REF 2014 Confirms: Reading’s Classics Department is World-Leading

Eagerly awaited, results of the Research Excellence Framework 2014 were published today.

Reading’s Classics Department is proud to feature in the Top 3 Classics Departments in the UK for research outputs (otherwise known as publications): we achieved a GPA of 3.16, and only the Universities of Cambridge (3.19) and St. Andrews (3.17) scored higher.


Over 37% of our research outputs were rated 4* (for quality that is world-leading in terms of originality, significance and rigour), and an additional 45% were rated 3* (for quality that is internationally excellent in terms of originality, significance and rigour). This puts over 82% of our research outputs in the highest categories of excellence.

Considering further indicators such as research environment (with 80% of our indicators rated as of 4* and 3* quality) and impact (100% of our activities rated as of 4* and 3* quality), the department managed to achieve an outstanding sixth position overall in the rankings for our unit of assessment (otherwise known as Classics).

This is a substantial improvement from our position of 2008, where the department achieved a respectable 13th position (out of 24 departments).

The cutting-edge research of the Reading Classics department covers many different areas within Classics: linguistics, literature, multiculturalism, historiography, ancient religion, ancient economic history, Classical tradition, and digital humanities.

This terrific result in the REF 2014 exercise recognizes the hard work of all academic staff, their enthusiasm for the discipline, and their international standing.


Professor Andrew Wallace-Hadrill presented with the Honorary Degree of Doctor of Letters at the December graduation ceremony

The Department of Classics at Reading was delighted to welcome back one of its most distinguished former members at our recent graduation ceremony. Alongside several of our own BA and MA graduates, the University of Reading celebrated the disciplines of Classics and Archaeology by conferring an Honorary Degree on Professor Andrew Wallace-Hadrill, OBE, FBA, FSA. Professor Wallace-Hadrill, former Master of Sidney Sussex College, Cambridge, is currently Honorary Professor of Roman Studies at the University of Cambridge and is the Director of the Herculaneum Conservation Project.

AWH Honorary

Professor Wallace-Hadrill is very well known to students of Classics, Ancient History and Classical Archaeology because of his seminal books Houses and Society in Pompeii and Herculaneum (1994) and Rome’s Cultural Revolution (2008). Those who enjoy TV documentaries on the ancient world will have seen him often, including in his programme ‘The Other Pompeii: Life and Death in Herculaneum’

They might, however, not know that Professor Wallace-Hadrill’s contributions to the discipline of Classics are even more wide-ranging and far-reaching, and that he has a special connection with Reading Classics Department.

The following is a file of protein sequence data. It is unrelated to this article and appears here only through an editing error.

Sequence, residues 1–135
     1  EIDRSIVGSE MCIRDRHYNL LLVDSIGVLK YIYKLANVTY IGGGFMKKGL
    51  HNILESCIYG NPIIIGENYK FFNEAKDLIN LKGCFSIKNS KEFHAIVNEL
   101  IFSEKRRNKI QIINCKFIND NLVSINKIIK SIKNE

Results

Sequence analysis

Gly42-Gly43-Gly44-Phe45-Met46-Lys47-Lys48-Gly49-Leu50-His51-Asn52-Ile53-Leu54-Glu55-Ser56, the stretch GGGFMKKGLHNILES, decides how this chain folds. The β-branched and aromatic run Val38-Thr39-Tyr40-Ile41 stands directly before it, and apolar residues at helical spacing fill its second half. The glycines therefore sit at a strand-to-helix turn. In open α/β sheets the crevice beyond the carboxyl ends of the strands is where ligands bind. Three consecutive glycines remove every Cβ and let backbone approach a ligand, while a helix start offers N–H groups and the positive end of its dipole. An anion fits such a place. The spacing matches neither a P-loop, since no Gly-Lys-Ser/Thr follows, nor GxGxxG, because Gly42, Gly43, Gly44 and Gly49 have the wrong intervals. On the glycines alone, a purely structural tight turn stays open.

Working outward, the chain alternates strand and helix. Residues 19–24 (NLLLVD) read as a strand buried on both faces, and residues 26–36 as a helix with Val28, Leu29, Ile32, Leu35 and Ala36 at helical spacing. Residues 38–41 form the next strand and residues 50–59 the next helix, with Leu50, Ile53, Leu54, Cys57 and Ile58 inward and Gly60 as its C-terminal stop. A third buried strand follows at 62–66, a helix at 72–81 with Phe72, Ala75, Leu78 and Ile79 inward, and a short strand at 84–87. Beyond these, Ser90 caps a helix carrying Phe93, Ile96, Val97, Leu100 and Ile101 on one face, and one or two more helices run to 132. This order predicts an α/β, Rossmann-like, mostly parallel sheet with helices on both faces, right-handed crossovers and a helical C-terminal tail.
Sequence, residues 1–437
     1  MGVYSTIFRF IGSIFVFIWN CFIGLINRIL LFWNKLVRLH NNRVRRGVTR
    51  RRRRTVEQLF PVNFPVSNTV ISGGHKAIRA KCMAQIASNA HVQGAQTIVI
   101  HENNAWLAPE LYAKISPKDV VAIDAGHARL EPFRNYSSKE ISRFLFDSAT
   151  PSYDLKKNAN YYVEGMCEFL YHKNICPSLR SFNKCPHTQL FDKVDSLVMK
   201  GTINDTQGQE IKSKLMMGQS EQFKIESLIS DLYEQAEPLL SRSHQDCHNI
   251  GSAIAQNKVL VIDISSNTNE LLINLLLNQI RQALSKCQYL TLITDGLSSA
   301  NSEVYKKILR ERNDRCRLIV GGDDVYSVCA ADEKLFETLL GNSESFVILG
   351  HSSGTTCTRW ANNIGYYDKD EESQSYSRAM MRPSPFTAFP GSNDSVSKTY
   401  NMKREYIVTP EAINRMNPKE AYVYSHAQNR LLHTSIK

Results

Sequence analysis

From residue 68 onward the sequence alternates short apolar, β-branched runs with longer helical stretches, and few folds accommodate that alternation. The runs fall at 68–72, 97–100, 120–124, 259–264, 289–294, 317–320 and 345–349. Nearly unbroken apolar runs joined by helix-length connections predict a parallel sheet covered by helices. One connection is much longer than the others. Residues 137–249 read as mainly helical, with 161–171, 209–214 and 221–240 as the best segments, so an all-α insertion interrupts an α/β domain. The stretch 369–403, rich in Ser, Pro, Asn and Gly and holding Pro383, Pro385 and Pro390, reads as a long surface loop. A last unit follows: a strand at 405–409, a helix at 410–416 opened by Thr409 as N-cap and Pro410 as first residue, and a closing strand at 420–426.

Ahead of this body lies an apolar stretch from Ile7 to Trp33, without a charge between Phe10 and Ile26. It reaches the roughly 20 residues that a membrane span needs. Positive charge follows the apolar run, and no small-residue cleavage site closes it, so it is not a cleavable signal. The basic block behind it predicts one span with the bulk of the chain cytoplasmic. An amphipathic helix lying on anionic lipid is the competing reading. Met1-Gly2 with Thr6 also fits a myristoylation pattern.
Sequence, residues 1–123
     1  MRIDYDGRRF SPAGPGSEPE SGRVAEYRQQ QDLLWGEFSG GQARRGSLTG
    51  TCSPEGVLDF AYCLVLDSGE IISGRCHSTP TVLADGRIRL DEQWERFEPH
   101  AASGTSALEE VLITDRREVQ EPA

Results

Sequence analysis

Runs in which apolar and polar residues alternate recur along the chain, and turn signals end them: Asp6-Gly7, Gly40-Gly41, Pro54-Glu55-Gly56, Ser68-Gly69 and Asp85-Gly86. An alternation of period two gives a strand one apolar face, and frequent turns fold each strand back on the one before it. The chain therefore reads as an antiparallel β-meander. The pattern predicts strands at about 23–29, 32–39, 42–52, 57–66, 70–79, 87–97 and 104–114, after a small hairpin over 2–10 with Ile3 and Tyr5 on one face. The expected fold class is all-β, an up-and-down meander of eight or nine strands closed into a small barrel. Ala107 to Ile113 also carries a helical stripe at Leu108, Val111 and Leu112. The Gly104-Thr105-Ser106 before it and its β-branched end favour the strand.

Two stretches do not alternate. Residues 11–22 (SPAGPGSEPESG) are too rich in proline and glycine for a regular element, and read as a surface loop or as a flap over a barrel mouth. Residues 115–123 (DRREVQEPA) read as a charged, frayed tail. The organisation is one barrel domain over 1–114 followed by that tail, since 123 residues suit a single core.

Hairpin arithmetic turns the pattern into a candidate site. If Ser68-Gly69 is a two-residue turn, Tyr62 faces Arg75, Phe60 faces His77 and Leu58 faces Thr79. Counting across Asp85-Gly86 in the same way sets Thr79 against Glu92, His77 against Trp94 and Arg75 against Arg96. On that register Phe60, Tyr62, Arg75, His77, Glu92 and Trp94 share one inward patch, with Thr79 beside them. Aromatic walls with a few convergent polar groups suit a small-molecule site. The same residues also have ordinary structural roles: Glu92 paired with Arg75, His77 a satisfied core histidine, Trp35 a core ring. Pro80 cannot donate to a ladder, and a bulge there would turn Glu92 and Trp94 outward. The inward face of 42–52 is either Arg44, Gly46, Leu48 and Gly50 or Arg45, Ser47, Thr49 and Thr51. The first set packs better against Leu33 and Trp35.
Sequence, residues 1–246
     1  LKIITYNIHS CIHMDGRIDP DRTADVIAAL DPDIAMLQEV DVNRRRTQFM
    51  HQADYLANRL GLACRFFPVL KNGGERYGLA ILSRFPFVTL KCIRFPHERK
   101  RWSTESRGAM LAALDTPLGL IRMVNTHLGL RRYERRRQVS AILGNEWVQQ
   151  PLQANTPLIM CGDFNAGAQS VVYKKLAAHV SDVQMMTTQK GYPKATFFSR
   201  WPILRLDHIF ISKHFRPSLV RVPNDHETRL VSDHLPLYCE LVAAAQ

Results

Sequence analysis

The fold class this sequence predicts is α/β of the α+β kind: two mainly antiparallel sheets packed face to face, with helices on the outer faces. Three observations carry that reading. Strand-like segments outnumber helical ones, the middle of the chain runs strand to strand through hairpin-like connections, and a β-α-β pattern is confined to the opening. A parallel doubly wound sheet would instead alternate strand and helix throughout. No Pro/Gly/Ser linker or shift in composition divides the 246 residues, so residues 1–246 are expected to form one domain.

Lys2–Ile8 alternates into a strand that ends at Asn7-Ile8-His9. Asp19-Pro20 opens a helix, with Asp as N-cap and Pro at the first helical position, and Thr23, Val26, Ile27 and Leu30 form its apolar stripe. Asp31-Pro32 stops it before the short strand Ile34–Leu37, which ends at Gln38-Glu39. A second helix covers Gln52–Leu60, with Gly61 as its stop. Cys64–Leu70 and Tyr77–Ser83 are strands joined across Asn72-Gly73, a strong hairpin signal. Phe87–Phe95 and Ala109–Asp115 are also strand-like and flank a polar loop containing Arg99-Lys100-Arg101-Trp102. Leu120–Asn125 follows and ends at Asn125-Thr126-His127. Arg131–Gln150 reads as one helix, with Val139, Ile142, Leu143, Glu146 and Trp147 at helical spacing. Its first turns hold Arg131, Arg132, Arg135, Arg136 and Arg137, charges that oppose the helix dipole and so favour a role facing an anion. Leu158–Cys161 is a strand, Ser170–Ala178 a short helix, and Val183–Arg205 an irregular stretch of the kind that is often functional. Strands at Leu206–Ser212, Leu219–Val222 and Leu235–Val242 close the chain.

Wallace-Hadrill was appointed to the Chair in Classics at Reading in 1987. With his arrival, Reading’s Classics Department began to explore new avenues of Classical scholarship and also began to grow steadily in size, transforming itself into the strong department it now is. In 1995 he was appointed as Director of the British School at Rome, the base for British archaeology, ancient history, and fine arts work in Rome and Italy. He held that post until 2009, on secondment from Reading. Under his leadership the BSR underwent a considerable transformation, acquiring new and improved facilities, which made it an enviable centre for research and scholarship. Thanks to his Reading connection, it was possible to develop our unique and still-thriving MA programme, the MA in the City of Rome, which included a two-month study period at the BSR. His legacy here is also visible in our Department’s close links with the BSR and its continued interest in Roman history, archaeology, and architecture.

His understanding that proper conservation for large archaeological sites is a considerable challenge made him a champion in promoting the importance of conservation and regular maintenance, particularly in the case of Pompeii’s less well-known ‘sister’ town, Herculaneum. Here exposure to the elements had led to severe degradation, and The Herculaneum Conservation Project, led by Wallace-Hadrill, sought to arrest and reverse that decline. Generous funding from the Packard Institute for the Humanities and support from the local Soprintendenza Archeologica and the British School at Rome enabled major progress to be made at the site, with new archaeological discoveries emerging alongside the vital preservation work.

The honorary degree presented to him on Friday December 12th is thus a fitting recognition of his contribution to many key areas of our discipline, and to the University of Reading’s long and distinguished history of excellence in Classical research and teaching. The occasion was duly celebrated afterwards at the Acacias Senior Common Room with drinks and lunch hosted by the Chancellor and Vice Chancellor.

Enthusiasm for ‘Experiencing Ancient Education’ pours in from participants


Participants in Reading’s ‘Experiencing Ancient Education’ event, at which we re-created a Roman schoolroom and invited local children to experience the type of exercises done in ancient schools, have expressed gratitude and enthusiasm for the event, along with hopes that we will repeat it. (Participants have also sent us photographs, which can be seen along with our own at Their reflections on the value of the experience and how much could be learned from it are illuminating not only about the ancient world but also about our own. Here is a selection of comments from both the department’s own volunteers and the parents and teachers who brought children to our schoolroom: